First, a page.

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Cost Plus Pricing: Definition, Method, Formula & Examples

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Instructor: Tara Schofield

Tara received her MBA from Adams State University and is currently working on her DBA from California Southern University. She spent 11 years as a sales and marketing executive. She spent several years with Western Governor's University as a faculty member. Tara has been at Study.com for seven years.

Cost-plus pricing is when a markup is added to the cost of a product. Learn more about the definition of cost-plus pricing, explore the methodology and formulas, and see some examples. Updated: 10/11/2021

What Is Cost-Plus Pricing?

Your company has been developing a new printer that will streamline many processes for your small business customers. Your job is to determine the price of the printer. After doing some research, you determine that the best method for pricing the printer is the cost-plus method.

Cost-plus pricing is a straightforward and simple way to arrive at a sales price by adding a markup to the cost of a product. In our example of the printer, you first have to determine the break-even price, which is the sum of all of the expenses involved in creating a product, including expenses like supplies, production costs, and marketing costs. When you pull all of the expenses together to determine the cost of each printer, you determine that each one will cost $78 to produce. If you sold the printer at $78 your company would break even, meaning there would be no profit or loss.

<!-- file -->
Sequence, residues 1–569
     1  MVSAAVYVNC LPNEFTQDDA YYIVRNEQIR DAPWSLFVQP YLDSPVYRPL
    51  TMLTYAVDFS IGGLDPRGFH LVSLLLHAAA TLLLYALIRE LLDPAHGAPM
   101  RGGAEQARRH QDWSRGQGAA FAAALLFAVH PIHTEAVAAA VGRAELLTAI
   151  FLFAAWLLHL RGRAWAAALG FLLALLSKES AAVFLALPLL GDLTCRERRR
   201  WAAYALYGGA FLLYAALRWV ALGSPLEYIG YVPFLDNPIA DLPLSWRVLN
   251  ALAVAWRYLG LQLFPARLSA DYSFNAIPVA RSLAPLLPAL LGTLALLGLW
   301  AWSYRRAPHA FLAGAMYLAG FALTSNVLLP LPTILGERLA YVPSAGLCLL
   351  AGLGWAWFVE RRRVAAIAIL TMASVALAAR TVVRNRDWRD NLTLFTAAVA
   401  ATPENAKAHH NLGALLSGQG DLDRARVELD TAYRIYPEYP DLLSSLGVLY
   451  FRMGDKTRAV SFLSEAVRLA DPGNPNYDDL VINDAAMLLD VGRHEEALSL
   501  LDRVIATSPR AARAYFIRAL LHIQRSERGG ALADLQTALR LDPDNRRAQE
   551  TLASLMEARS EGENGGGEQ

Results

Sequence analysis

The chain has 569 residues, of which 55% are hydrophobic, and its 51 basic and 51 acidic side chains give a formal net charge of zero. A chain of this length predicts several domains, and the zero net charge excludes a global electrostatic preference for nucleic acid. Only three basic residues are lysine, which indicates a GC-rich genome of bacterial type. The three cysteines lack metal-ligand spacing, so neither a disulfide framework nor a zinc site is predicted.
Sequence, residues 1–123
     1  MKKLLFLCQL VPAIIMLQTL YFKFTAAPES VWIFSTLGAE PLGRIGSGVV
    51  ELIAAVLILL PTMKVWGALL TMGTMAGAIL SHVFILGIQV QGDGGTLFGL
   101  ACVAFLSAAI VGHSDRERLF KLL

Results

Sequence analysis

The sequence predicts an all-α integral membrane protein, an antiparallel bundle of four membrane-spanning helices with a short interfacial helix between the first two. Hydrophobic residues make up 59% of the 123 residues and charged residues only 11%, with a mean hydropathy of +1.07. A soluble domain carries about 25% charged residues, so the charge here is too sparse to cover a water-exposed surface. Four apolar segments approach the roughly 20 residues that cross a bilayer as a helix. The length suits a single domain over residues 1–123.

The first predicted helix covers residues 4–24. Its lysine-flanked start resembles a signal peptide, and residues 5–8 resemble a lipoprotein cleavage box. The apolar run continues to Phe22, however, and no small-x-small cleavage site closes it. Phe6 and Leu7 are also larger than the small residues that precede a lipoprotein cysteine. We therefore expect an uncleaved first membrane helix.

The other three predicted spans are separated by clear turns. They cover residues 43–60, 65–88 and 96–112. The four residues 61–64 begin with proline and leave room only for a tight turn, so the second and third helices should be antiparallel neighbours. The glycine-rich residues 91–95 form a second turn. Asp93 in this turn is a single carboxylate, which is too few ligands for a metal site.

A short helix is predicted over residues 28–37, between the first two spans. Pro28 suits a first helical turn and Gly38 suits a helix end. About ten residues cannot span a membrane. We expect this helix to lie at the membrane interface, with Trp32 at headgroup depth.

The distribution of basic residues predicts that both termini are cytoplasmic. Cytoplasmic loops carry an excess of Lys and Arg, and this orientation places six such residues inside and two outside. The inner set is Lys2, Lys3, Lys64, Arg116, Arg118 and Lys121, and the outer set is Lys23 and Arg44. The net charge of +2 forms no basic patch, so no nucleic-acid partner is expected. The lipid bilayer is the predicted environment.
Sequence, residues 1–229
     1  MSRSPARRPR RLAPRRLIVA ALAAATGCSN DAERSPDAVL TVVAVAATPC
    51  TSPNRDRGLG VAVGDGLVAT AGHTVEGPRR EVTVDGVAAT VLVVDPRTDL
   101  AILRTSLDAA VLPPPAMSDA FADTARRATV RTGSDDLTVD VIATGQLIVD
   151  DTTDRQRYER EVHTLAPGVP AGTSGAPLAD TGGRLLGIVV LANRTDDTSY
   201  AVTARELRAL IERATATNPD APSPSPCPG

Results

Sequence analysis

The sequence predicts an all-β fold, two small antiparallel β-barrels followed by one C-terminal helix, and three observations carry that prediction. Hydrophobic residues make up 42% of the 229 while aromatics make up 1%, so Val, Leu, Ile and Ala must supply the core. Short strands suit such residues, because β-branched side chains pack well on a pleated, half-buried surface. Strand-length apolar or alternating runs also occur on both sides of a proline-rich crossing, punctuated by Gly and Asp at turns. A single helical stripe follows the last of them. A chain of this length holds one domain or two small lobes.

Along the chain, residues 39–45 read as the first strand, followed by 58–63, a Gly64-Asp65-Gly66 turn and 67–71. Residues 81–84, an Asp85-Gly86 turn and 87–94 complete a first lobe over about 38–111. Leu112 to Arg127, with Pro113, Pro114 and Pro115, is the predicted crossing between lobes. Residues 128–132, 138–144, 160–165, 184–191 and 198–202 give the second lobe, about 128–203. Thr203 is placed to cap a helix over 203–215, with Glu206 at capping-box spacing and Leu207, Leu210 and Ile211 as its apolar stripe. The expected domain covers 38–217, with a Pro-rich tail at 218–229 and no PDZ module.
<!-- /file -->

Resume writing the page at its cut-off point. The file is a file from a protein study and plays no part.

However, your company definitely plans to earn money from the sale of the printers. In fact, the goal is to earn 25% on each printer. So, you implement the following formula for cost-plus pricing to arrive at the sales price:

Break-even price * profit margin goal

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Examples

Let's walk through the cost-plus pricing formula using our printer example:

  • Break-even price: You determined that the total cost of development, production, and marketing of the product is $78
  • Profit margin goal: Your company wants to make money on the printers at a margin of 25%

Cost-plus pricing = break-even price * profit margin goal

Cost-plus pricing = $78 * 1.25

Cost-plus pricing = $97.50

Using cost-plus pricing, you determine the price of the printer to be $97.50. This allows the company to recoup the cost of producing the printer, while earning a 25% profit margin on each unit sold.

Cost-plus pricing is not only for products, but for services as well. Many companies that provide consulting services rely on cost-plus pricing. For instance, let's say your company offers a repair service for small businesses who own your printers. The repair personnel earn $10/hour, and there are other additional expenses such as supplies, mileage reimbursement, and the cost of the customer service representative who schedules the repairs. If these fees average $4 per service call and the company wants to earn 30% profit on each hour billed for repair services, you can use the same formula to arrive at the cost-plus pricing for the repair service.

  • Break-even price = $10 for repair personnel cost + $4 in supplies, transportation, and customer service = $14
  • Profit margin goal: Your company wants to make a margin of 30% on the repair service

Cost-plus pricing = break-even price * profit margin goal

Cost-plus pricing = $14 * 1.3

Cost-Plus Pricing = $18.20

To achieve the 30% profit margin goal, your company must bill clients at $18.20 per hour.

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